Fourth, in considering the case brought before it, the magistrate court committed a number of procedural violations, such as not having the jurisdiction over such matters, absence of a prosecutor during the proceedings, as well as the party having drawn the administrative violation report, lack of convincing evidence, and failure to examine the key aspects of the case.
Adding Telegram to Roskomnadzor’s registry and demanding access to several Telegram users’ correspondence appeared to be yet another exploratory attack, after the one on LinkedIn, designed not so much to squeeze the company out of the country but rather to test the global and Russian internet community’s reaction.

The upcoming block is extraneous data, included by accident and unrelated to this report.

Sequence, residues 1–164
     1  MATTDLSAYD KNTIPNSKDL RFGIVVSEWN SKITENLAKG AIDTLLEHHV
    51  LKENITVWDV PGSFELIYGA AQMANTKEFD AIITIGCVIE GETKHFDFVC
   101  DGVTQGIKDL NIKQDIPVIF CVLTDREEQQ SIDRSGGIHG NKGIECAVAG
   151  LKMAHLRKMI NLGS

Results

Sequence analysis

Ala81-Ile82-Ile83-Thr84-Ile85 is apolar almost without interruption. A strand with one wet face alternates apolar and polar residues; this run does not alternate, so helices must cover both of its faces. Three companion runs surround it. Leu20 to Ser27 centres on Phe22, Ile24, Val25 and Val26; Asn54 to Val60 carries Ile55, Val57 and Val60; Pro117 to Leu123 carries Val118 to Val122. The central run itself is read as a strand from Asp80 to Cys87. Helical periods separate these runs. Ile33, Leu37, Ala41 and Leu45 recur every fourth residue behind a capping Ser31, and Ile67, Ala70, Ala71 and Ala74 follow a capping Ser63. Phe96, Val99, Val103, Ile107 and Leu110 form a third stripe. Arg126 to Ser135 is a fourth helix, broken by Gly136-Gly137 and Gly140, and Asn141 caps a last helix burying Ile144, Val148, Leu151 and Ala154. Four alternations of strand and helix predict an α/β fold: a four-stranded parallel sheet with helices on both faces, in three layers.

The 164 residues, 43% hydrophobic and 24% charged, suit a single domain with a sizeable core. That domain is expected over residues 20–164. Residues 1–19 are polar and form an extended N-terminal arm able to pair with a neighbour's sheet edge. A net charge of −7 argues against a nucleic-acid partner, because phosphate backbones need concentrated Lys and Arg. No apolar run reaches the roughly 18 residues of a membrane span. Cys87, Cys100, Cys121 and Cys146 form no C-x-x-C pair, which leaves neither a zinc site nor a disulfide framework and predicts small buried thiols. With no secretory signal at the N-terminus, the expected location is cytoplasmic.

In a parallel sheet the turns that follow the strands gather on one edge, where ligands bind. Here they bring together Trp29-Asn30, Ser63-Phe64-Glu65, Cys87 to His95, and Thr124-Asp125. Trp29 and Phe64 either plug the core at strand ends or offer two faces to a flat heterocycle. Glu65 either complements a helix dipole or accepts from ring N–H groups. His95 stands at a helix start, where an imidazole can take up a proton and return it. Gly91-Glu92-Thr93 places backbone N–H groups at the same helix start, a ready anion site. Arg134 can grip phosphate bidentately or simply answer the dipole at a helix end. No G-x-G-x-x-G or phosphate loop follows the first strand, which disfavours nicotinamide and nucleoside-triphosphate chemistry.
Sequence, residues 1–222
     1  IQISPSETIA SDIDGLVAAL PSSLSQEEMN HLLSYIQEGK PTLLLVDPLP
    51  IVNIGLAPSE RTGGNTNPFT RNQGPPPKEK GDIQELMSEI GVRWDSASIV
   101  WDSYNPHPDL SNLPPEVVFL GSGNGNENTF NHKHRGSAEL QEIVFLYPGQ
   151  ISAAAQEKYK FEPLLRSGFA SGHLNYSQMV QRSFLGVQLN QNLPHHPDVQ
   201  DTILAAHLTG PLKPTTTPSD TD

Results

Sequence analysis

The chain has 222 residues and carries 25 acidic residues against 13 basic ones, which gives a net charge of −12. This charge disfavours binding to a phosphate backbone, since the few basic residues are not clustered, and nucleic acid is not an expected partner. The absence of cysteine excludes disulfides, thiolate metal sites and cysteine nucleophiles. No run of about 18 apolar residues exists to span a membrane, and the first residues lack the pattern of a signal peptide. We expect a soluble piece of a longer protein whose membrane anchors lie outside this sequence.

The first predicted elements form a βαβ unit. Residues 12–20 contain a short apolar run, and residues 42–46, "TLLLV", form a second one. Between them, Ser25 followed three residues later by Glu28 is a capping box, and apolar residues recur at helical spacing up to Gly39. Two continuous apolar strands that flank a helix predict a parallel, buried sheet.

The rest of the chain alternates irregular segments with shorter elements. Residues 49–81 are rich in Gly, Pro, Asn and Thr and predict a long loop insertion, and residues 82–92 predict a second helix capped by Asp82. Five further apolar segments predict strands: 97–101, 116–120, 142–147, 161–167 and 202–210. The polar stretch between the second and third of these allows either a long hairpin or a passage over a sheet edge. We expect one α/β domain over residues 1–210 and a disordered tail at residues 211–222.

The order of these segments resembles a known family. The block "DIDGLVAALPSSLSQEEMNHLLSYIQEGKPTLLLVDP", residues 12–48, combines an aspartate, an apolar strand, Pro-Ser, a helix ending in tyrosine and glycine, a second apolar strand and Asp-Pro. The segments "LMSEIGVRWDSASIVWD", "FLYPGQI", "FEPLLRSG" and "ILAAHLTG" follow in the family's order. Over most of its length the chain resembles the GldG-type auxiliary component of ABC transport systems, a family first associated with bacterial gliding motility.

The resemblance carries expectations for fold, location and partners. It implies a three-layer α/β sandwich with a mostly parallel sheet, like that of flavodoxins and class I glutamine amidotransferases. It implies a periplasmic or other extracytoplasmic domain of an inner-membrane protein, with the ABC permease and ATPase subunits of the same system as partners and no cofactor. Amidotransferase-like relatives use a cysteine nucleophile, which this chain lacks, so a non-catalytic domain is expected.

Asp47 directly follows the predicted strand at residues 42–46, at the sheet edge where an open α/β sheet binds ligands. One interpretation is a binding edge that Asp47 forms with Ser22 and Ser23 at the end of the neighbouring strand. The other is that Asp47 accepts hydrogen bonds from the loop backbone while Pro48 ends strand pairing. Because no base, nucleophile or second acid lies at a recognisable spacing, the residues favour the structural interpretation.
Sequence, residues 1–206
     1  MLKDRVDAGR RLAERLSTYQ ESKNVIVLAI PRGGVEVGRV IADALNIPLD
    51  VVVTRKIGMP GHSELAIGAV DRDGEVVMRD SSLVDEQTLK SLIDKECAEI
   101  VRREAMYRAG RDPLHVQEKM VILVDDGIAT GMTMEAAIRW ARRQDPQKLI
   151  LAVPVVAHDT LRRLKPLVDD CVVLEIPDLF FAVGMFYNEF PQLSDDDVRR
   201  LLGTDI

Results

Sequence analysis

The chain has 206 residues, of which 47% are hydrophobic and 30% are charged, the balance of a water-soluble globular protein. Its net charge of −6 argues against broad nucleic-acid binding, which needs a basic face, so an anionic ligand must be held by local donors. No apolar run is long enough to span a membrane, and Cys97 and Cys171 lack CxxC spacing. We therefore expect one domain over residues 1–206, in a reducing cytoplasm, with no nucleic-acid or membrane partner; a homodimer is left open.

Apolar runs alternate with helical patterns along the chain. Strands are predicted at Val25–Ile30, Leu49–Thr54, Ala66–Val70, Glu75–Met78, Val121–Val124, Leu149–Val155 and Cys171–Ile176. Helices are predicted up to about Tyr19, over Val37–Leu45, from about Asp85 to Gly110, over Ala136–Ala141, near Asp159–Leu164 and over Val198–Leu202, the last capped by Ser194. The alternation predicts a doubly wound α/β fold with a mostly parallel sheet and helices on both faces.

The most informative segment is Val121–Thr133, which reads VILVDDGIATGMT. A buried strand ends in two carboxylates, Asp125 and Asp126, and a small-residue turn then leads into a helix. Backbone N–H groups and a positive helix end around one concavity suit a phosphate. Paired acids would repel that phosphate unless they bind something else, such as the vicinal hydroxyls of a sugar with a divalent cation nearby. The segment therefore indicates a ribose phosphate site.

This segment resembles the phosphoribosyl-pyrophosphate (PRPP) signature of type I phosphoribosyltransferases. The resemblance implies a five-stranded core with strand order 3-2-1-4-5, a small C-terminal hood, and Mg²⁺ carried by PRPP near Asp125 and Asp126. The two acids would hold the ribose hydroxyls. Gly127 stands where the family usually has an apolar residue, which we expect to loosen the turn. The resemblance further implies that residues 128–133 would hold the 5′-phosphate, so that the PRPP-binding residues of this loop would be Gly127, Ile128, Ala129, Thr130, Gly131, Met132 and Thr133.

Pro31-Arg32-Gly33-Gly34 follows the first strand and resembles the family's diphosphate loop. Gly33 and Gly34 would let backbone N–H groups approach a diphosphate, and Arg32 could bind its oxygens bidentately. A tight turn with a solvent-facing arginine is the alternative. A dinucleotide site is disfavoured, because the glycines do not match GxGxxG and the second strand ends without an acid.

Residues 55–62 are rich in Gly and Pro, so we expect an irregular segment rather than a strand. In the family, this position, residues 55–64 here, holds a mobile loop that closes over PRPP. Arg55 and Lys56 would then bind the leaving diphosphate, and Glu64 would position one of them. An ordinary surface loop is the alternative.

At the same time, the Russian authorities continue to build a regulatory framework to enable more surveillance and to shift the costs and responsibility for its implementation to the IT industry.
For example, since recently, ISPs have not been allowed to disclose information about specific requests from the authorities concerning user data. A law requiring messenger operators to identify their users came into force in 2018, while last year, Roskomnadzor declared war on anonymous cell phones and reported a record 106,500 of confiscated “illegal” SIM cards.
The absence of civic oversight—and illusory judicial oversight—over security services is exemplified by the fact that in the past 10 years, Russian courts satisfied more than 98% of their requests for warrants to wiretap phones and extract private information from communication channels. This makes encryption the only remaining guarantee of privacy.